Howdy. About to be chicken mom!

Discussion in 'New Member Introductions' started by Mspiggie, Sep 2, 2014.

  1. Mspiggie

    Mspiggie Hatching

    Sep 2, 2014
    Hi. I just joined here. This evening I a bringing home 4 grown hens. My husband bought me a beautiful coop and there run will be finished tomorrow. I am excited and nervous. Don't know much about chickens. Any help appreciated. Nice to be here.
  2. Ol Grey Mare

    Ol Grey Mare One egg shy of a full carton. .....

    Mar 9, 2014
    My Coop
    Hi and welcome - to BYC and to chickens!
    What an exciting time!
  3. Alright [​IMG] great to have you joining the BYC flock [​IMG]

    BYC has a very useful learning center [​IMG]

    Well I am sure you will be asking questions by tomorrow [​IMG]
  4. Wyandottes7

    Wyandottes7 Crowing

    Jul 24, 2013
  5. BantamLover21

    BantamLover21 Crowing

    Jul 24, 2013
    [​IMG] Glad you joined us!

    Feel free to ask lots of questions! We're all here to help. [​IMG]

    Good luck with your chickens!
  6. Kelsie2290

    Kelsie2290 Free Ranging

    Feb 18, 2011
    Hello :frow and Welcome To BYC! Good luck with your new flock!
  7. Mspiggie

    Mspiggie Hatching

    Sep 2, 2014
    Thank you everyone. I do have a couple of ?s. I have straw to work with how much should I put on floor of coop? I know I should put some in boxes. Also, should I keep them just in the coop for a day or 2 to get used to it? It is hot where I live. Thank you
  8. TwoCrows

    TwoCrows Bird is the Word

    Mar 21, 2011
    New Mexico, USA
    My Coop
    Hello there and welcome to BYC! [​IMG]

    Straw is not the best bedding to use as it is not absorbent as say wood shavings or sand. So you will want to bed them pretty deeply. Chickens love to scratch. So pile it 4 to 6 inches deep at least. Yes, it is best to lock them in the coop for several days if you plan on free ranging. If you have a run set up, you don't need to lock them in the coop. Locking them in allows them to learn where home is when out free ranging.

    If it is really warm in your area, make sure to open all windows in the coop, run fans, put ice cubes in the water, feed cool treats, you can even use ice packs for them to lay on or next too. If it is excessively hot, you may not be able to lock them in. If it gets much over 100 degrees in the coop, this could harm or kill them.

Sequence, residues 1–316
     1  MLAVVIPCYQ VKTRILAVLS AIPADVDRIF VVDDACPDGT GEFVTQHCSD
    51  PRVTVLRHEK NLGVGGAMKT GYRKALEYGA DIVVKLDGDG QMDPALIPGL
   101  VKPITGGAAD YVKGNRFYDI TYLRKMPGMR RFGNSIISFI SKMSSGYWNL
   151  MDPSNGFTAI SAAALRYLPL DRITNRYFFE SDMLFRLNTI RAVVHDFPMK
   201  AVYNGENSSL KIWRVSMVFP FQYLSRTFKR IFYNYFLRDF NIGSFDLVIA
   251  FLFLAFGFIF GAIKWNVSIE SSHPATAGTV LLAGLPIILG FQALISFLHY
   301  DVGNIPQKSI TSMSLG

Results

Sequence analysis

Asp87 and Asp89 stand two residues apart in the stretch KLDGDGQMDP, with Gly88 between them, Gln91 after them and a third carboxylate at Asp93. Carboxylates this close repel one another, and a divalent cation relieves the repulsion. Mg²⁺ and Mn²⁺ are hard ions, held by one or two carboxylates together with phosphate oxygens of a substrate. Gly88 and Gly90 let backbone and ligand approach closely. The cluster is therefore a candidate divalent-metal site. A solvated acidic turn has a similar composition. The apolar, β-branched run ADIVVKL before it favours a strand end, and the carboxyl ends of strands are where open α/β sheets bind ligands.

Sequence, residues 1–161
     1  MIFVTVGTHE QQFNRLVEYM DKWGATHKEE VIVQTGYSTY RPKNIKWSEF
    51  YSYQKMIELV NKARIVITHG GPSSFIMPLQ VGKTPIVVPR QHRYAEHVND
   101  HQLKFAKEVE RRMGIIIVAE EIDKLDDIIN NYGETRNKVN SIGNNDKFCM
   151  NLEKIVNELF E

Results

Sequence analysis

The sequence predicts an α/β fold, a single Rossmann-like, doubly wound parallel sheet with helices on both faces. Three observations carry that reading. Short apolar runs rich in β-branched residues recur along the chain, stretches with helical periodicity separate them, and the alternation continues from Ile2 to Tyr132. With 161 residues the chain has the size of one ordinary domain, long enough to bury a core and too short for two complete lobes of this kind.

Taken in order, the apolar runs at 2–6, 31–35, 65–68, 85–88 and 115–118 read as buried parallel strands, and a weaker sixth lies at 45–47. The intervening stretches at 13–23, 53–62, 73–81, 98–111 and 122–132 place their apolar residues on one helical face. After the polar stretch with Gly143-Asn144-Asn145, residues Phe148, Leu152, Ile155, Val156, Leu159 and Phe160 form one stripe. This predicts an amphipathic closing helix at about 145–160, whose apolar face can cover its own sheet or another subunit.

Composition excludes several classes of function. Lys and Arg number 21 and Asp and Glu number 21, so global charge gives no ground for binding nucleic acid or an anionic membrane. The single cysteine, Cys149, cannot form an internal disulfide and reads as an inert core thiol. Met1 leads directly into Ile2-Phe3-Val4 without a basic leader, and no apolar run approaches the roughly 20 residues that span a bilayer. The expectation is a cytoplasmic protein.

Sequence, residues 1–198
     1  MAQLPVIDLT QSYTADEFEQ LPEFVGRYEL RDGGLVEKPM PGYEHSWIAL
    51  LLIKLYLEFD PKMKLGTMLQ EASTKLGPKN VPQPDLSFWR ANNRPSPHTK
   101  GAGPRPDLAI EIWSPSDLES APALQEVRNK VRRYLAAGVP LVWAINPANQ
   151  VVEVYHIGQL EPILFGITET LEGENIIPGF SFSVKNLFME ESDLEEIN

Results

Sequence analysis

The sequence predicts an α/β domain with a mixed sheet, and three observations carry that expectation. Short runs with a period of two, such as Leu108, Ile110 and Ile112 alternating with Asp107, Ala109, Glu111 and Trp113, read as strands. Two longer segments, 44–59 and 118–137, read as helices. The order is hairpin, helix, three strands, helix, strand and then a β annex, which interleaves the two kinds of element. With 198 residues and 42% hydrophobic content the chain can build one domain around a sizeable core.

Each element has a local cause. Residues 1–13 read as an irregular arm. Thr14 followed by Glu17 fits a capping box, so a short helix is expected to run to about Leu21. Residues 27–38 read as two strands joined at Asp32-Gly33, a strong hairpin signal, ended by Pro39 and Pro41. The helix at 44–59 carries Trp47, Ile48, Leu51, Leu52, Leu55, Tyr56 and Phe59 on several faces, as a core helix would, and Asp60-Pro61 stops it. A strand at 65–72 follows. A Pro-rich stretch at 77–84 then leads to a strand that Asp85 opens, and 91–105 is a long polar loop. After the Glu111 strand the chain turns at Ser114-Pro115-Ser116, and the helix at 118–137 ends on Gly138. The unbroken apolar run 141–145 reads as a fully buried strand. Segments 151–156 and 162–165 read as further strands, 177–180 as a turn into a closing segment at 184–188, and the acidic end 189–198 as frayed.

Definitely stop by our learning center for lots of tips on raising your flock. Click on that link that Wyandottes has left for you.

    Good luck with your new birds! Give them time to adjust. They will probably stop laying for a few weeks, other than what is in the pipes now. So keep the stress down around the coop, move slowly around them, talk quietly to them and go spend some time with them each day. Sit with them, bring treats. Don't pick them up for a week or so. They will no doubt be stressed for a while so just let them know everything is going to be ok.

    Welcome to our flock!
    Last edited: Sep 2, 2014
    1 person likes this.
  9. Frindizzle

    Frindizzle Guitar Girl <3

    Hello and….

    [​IMG] from Washington! BYC is the best fowl website you can find.[​IMG] I hope you feel glad you signed up! In our flock we have great people and it is always great to have a new member:) In our flock, we have no pecking order!


    By the way, not saying that you will do anything bad, but no fowl play[​IMG]
  10. drumstick diva

    drumstick diva Still crazy after all these years.

    Aug 26, 2009
    Out to pasture
    Welcome to the flock. Twocrows said it best - just follow her advice.

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